The TMNT comic adventures were often light hearted (which made them easy to adapt as cartoons for young audience members) but on occasion, a dark and brutal storyline featuring the Foot ninja would be presented. These were grim moments, as the turtles would face an endless number of implacable foes: classic ninja clan vs. ninja clan warfare (with one of the clans just happening to be four highly skilled turtles who were below legal drinking age.)
These story-arcs were reminiscent of Daredevil teaming with the Chaste, opposing the Hand. All good stuff.
On a more lighter side, but still in the realm of black and white independent comics (that also went on to find cartoon success) was the Tick.
The Tick does not immediately spring forth as a Daredevil homage (unless Daredevil really worked out and had antenna as part of his costume instead of horns) but in his premiere issue, he was fighting ninja. Lots of ninja. Look, the issue was called Night of a Million Zillion Ninja.
The ninja, as it turns out, where trying to capture a former member, a young woman named Oedipus.
Who happened to dress like Elektra from Daredevil.
Again, I’m not trying to say that the Tick is ripping off Daredevil. In many ways the Tick was a humorous parody of the superhero-genre. One needs only consider the two versions of Batman featured in the cartoon (Die Fledermaus Man) or the live-action television show (Bat-Manuel) to recognize that.
It’s just cool to see a comic property be so influential among independent comics.
(I’ll wrap this up, as this is getting long.)
Thanks to Miller and his influence on Daredevil, the comic developed into a street-level martial arts epic, where Matt Murdock was extensively trained in fighting arts beyond his boxing beginnings. From the start, Daredevil had adapted the cane he used as Matt Murdock to facilitate his appearance as a blind man, and Murdock’s training with the martial arts master Stick capitalized on that.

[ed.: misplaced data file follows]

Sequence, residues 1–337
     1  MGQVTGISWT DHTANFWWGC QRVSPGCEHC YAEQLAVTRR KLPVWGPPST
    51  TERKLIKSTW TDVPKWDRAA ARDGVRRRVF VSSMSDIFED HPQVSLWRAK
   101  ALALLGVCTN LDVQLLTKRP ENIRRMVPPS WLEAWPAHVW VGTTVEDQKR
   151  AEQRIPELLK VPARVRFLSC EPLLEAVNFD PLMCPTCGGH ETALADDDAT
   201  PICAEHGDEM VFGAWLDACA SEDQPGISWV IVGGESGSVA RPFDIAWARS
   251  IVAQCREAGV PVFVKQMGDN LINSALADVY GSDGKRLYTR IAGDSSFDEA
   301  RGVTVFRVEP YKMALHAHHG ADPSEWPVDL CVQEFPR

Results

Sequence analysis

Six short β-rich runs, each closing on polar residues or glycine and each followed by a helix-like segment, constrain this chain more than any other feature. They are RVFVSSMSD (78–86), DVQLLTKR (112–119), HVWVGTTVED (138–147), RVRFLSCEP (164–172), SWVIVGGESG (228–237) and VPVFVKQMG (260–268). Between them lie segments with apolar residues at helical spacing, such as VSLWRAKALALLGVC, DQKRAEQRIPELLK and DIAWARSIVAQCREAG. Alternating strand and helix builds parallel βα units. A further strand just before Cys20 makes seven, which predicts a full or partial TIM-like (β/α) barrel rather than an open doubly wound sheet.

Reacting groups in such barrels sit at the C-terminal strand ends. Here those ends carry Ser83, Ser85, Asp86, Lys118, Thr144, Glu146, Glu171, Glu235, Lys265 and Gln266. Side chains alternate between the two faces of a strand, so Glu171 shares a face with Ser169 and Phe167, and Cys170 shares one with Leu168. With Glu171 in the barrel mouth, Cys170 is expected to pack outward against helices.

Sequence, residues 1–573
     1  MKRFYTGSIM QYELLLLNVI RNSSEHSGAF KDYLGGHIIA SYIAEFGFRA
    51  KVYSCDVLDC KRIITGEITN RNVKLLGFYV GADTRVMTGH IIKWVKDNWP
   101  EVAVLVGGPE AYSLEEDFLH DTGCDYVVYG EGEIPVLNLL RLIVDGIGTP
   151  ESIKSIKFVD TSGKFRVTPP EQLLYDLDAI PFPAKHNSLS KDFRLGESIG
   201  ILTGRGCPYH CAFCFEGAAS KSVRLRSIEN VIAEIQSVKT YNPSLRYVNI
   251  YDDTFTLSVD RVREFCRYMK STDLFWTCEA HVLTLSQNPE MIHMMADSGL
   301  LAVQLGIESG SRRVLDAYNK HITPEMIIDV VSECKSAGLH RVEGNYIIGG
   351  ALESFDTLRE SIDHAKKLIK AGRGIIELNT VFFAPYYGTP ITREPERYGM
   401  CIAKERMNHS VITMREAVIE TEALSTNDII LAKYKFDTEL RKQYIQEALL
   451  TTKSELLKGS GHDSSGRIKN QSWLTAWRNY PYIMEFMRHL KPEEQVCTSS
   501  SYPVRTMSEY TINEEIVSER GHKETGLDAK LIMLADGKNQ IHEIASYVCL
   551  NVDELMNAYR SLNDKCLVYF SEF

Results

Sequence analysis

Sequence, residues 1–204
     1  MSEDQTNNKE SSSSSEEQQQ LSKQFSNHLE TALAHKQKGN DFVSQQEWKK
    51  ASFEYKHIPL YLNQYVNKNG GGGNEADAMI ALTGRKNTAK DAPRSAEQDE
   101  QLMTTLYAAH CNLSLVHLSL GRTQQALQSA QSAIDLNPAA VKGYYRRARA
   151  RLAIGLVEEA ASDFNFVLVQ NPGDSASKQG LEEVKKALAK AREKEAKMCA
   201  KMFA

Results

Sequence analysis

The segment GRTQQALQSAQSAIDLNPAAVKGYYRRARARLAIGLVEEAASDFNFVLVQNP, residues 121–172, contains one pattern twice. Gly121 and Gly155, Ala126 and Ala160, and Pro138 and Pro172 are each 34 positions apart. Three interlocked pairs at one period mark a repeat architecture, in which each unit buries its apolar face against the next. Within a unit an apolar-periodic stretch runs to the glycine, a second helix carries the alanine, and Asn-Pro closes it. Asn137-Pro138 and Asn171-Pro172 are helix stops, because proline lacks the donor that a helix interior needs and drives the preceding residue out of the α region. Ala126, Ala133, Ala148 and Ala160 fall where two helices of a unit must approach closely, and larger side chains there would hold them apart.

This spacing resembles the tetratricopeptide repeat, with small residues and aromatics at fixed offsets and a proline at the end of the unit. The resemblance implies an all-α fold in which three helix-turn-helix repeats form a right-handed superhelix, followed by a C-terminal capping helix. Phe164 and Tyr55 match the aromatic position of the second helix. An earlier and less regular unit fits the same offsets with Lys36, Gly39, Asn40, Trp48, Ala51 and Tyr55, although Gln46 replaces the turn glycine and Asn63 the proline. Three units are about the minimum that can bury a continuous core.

I’m a fan of martial arts styles, and Filipino stick-fighting (alternatively called Kali, Escrima, or Arnis (or variations of those) is an art with which I have some meager familiarity. Daredevil’s use of single and double stick batons in combat is something that I’m drawn to and appreciate.
As mentioned before, I’m only into the new Netflix series by a few episodes, but I’m looking forward to see the fight that this image must be preceding:
Daredevil, staring Stardust and Boardwalk Empire‘s Charlie Cox, is currently available (all thirteen episodes) on Netflix. I’m enjoying the cast (I’ll talk about them in a later post), the pacing (some might call it slow, I’ll call *them* slow), and particularly the action.
Images from Marvel’s Daredevil (both television and the comics), Teenage Mutant Ninja Turtles #1, The Tick #1. That excellent pic of Daredevil surrounded vertically by the Hand is credited to Christiano Flexa. Silhouette shot of the Teenage Mutant Ninja Turtles is from the Michael Bay movie promotional materials.
I make no claims to the artwork, but some claims to the text. So there.
© Patrick Sponaugle 2015 Some Rights Reserved